However, this only touches on the scope of Ayurveda. The treatment plan recommendation focused on two aspects – short term and long term.
Short Term Treatment: This phase of treatment includes Ayurvedic Herbal formulas; Ayurvedic oil massage; Yoga for Dosha therapy; and Pancha Karma. Note that regular feedback and follow-up consultations are extremely important during this period of time. The period of short-term treatment is not fixed but depends on your needs and much will depend on you; your attitude, discipline and commitment; also the degree of any disturbances and how stubborn the excess Dosha is to remove.
Long Term Treatment: This aspect of treatment mainly deals with lifestyle management – meaning, how to live your life on a moment-to-moment basis without disturbing your natural and unique state (Prakriti). This starts now and continues throughout your life. This phase of the treatment includes gaining knowledge on how to manage your Dietetics (food that suits you), exercise, attitude, work, relationships, the ever-changing environment and climate; and developing an appropriate time-management routine.
This life-long approach is what traditional Ayurveda is really all about, the awareness and practical application of this knowledge each day and in every moment to manage your unique Prakriti (birth constitution).
This was when things became stickier for me.
It’s one thing to have disturbances in the body identified, it’s another to take the correct treatments to balance it all out.
The short-term treatments as outlined above came with a significant price-tag – at least they did for me. I’m a part-time working single parent, with little disposable income. And like it or not, disposable income is what I’d be spending on my health.
It was somewhat disheartening to realise I couldn’t afford to do any of what Ancient’s Best was recommending. I felt like I was letting down the process, and Nicky and Mani by not following through.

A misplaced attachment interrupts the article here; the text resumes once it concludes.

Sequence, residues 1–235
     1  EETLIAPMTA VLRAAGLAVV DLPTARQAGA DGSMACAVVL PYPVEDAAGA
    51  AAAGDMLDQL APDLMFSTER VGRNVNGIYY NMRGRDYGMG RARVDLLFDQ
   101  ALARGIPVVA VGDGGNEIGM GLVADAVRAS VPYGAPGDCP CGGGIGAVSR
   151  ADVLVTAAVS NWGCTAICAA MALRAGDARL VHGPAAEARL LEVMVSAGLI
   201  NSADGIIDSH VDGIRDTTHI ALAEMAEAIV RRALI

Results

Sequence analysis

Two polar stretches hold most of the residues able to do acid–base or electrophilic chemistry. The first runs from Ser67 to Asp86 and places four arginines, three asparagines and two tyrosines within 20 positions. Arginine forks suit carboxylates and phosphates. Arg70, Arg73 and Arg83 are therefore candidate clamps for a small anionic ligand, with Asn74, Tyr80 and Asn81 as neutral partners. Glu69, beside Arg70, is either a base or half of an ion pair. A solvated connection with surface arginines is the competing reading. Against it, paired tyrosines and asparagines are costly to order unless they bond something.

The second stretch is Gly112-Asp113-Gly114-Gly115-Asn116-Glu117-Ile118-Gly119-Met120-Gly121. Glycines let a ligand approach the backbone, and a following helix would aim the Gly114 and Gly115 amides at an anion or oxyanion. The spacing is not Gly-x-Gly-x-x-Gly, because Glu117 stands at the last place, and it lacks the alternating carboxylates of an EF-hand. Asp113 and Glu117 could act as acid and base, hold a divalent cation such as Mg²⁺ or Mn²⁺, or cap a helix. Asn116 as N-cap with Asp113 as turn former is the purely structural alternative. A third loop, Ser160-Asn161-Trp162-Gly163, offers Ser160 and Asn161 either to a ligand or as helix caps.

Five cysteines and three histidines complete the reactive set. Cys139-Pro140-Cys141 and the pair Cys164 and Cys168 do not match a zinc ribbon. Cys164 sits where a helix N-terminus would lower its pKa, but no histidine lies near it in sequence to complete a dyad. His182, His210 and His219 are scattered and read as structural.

However, there was no pressure at all to follow any of the treatment recommendations and Mani was clear in stating that the most important aspect is diet and lifestyle – which doesn’t cost anything extra.
With some research of my own and chatting to knowledgable friends who also practice Ayurveda, I was able to put together my own short-term treatment at minimal cost – a simple routine of yoga, herbal tonics and cleanses.
That left long term treatment – primarily managed through diet and lifestyle. It’s about what I eat, when I eat, when I get up and go to bed, how I work and when I work.
The ideal lifestyle for someone who’s Pitta matches up with my own ideal lifestyle. When I’m in a good routine, it’s exactly how I like to live. Up at 6am, most of my work done by 11am, in bed and asleep before 10pm.
Even the recommended foods for Pitta match up with my natural tendencies. Mostly vegetarian, and focused on three of the six tastes – sweet, bitter and astringent. However there were some aspects I didn’t like. For example, bananas in moderation, and absolutely no garlic. No garlic! How can I live the rest of my life without garlic? And why would I want to?
And this is where I struggle with Ayurveda. According to the way it works, each dosha has foods which aggravate and foods which pacify. As I have excessive Pitta, I’m meant to eat certain foods for the rest of my life and avoid other foods. No red meat. No egg yolks. No garlic. But that just seems crazy to me… It seems arbitrary.
How can we be meant to totally avoid certain foods for our entire lives, just because they don’t suit our doshas?
Mani was quite clear though. Paraphrasing what he said:
Garlic can be good for you – unless you’re Pitta, and then it’s poison. Take a little a day for your lifetime and it adds up to ill-health.
Of course, since finding out what my dosha is and the food I’m meant to eat, I’ve been eating the wrong foods at times, the only difference is that now I know they’re wrong – at least, wrong in Ayurveda’s eyes.
I’m not meant to eat spicy food, and the other night I had a spicy Thai Curry for dinner. Did I enjoy it? No, not really. It felt wrong… too spicy and hot for me. Is this psychosomatic? Or is it because I’m tuning into my my body with more discernment now?
I’m not sure, but Nicky and Mani have been incredibly supportive through this entire process – even when my doubts and issues arose.